A Guide to the Phenomenology of Religion: Key Figures, Formative Influences and Subsequent Debates

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Bloomsbury Publishing, 15. juuni 2006 - 276 pages
The phenomenological method in the study of religions has provided the linchpin supporting the argument that Religious Studies constitutes an academic discipline in its own right and thus that it is irreducible either to theology or to the social sciences. This book examines the figures whom the author regards as having been most influential in creating a phenomenology of religion. Background factors drawn from philosophy, theology and the social sciences are traced before examining the thinking of scholars within the Dutch, British and North American 'schools' of religious phenomenology.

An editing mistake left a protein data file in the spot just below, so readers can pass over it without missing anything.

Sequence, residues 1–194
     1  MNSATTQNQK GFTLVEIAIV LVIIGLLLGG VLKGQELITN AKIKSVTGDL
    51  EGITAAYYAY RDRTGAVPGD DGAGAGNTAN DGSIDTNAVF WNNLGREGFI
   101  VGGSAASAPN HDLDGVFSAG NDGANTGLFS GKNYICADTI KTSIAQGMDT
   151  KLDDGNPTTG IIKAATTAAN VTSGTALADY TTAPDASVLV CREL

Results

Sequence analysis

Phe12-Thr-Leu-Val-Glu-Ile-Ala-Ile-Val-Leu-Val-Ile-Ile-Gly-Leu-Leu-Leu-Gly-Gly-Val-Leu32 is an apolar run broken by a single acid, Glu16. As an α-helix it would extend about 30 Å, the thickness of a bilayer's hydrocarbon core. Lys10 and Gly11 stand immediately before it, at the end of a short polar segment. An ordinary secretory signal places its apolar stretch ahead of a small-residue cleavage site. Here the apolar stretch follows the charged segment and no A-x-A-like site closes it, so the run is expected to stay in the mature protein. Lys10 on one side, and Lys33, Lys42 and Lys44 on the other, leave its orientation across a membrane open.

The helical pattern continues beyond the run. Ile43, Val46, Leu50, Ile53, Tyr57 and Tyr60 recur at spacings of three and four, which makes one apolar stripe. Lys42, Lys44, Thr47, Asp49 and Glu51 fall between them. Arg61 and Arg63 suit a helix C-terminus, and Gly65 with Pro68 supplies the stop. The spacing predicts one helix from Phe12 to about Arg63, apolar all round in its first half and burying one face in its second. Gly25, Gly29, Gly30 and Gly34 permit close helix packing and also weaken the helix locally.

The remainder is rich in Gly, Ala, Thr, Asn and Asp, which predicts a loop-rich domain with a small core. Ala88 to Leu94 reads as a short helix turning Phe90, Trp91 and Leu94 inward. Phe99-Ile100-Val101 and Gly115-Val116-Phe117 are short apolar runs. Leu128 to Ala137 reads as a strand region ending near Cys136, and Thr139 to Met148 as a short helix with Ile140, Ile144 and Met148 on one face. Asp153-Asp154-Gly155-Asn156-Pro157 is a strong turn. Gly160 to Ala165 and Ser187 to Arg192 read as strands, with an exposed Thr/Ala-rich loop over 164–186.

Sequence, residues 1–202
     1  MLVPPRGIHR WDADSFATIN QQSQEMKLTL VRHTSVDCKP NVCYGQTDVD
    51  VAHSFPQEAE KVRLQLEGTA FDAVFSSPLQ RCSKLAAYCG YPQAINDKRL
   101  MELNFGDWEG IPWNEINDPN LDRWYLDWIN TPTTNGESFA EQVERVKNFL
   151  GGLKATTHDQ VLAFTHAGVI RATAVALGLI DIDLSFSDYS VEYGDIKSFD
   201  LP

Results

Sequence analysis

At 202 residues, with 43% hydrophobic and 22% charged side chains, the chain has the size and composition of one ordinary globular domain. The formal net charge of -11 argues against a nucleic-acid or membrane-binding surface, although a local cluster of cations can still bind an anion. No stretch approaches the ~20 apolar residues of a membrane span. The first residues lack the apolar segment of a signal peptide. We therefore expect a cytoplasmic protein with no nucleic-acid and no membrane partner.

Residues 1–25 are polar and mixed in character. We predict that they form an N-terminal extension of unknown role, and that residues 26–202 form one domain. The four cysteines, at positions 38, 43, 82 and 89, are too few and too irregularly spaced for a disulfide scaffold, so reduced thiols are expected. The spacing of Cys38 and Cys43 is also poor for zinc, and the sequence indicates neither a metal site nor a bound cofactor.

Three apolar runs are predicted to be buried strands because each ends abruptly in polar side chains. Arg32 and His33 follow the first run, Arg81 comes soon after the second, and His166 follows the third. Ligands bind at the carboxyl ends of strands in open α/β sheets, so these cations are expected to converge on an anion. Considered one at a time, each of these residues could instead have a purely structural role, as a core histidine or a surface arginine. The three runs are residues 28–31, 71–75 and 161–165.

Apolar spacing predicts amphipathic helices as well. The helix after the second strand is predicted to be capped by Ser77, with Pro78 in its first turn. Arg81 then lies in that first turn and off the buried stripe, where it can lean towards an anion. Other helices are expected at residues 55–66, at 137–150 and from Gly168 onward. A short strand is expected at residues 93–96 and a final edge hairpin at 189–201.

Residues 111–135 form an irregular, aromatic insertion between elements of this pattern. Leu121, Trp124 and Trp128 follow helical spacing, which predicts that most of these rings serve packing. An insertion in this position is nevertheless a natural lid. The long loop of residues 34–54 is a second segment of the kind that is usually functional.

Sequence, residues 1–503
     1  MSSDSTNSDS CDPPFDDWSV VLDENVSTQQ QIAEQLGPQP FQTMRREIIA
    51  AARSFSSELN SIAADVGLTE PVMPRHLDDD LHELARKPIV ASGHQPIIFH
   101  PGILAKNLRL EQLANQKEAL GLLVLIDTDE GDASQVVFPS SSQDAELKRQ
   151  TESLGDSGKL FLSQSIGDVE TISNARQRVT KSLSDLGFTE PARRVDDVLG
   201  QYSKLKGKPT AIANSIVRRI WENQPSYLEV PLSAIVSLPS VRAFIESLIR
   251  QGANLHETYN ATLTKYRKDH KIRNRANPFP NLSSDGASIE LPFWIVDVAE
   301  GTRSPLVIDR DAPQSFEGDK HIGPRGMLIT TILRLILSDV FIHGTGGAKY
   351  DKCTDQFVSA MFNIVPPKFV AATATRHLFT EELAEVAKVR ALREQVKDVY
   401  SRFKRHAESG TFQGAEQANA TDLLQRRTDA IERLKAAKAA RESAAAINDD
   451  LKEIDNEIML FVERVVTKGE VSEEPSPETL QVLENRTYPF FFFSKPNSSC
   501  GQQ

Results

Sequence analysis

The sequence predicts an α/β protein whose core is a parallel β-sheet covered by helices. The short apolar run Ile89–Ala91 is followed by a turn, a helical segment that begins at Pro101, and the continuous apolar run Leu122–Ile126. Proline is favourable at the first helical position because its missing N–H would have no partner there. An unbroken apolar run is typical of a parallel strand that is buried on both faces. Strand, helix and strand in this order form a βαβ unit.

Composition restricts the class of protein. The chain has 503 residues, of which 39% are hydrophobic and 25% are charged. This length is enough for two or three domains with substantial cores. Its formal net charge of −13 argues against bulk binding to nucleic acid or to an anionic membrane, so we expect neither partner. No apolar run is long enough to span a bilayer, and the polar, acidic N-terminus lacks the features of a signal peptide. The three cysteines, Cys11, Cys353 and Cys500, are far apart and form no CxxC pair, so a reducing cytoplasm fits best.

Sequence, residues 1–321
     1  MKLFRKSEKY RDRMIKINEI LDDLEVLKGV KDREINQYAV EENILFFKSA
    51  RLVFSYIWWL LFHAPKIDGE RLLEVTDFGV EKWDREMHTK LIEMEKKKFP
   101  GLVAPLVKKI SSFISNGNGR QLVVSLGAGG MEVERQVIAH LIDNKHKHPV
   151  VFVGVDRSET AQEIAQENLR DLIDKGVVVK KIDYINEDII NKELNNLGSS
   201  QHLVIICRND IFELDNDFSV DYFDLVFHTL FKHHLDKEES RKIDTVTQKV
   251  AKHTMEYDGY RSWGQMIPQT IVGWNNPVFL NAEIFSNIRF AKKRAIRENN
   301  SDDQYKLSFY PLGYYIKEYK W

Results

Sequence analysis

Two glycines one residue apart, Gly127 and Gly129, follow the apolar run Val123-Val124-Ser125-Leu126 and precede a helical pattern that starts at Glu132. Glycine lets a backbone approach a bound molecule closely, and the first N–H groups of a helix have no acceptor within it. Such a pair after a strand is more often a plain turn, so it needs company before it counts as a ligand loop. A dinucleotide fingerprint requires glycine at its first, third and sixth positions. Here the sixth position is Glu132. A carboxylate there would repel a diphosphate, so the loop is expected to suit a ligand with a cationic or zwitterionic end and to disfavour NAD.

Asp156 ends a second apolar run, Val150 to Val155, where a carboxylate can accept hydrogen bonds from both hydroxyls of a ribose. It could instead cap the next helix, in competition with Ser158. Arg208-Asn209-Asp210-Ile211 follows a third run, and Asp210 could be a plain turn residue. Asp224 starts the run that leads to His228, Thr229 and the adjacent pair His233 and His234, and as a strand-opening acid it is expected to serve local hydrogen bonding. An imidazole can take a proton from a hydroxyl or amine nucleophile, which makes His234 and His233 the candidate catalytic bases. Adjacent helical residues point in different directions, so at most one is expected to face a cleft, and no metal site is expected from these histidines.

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Contents

Defining the Scope Phenomenology within the Academic Study of Religions
1
Key Ideas in the Philosophy of Edmund Husserl
9
Chapter 2 The Universal Experience of Religion in Ritschlian Theology
35
The Contributions of Troeltsch Weber and Jung to Phenomenological Thinking
67
Chapter 4 The Decisive Role of Dutch Phenomenology in the New Science of Religion
103
The British School of Phenomenology
141
North American Phenomenology at Chicago and in the Thought of W C Smith
171
Subsequent Debates in the Academic Study of Religions
209
Bibliography
249
Index
263
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About the author (2006)

James L. Cox is Emeritus Professor of Religious Studies, University of Edinburgh, UK and Adjunct Professor in the Religion and Society Research Cluster, Western Sydney University, Australia.

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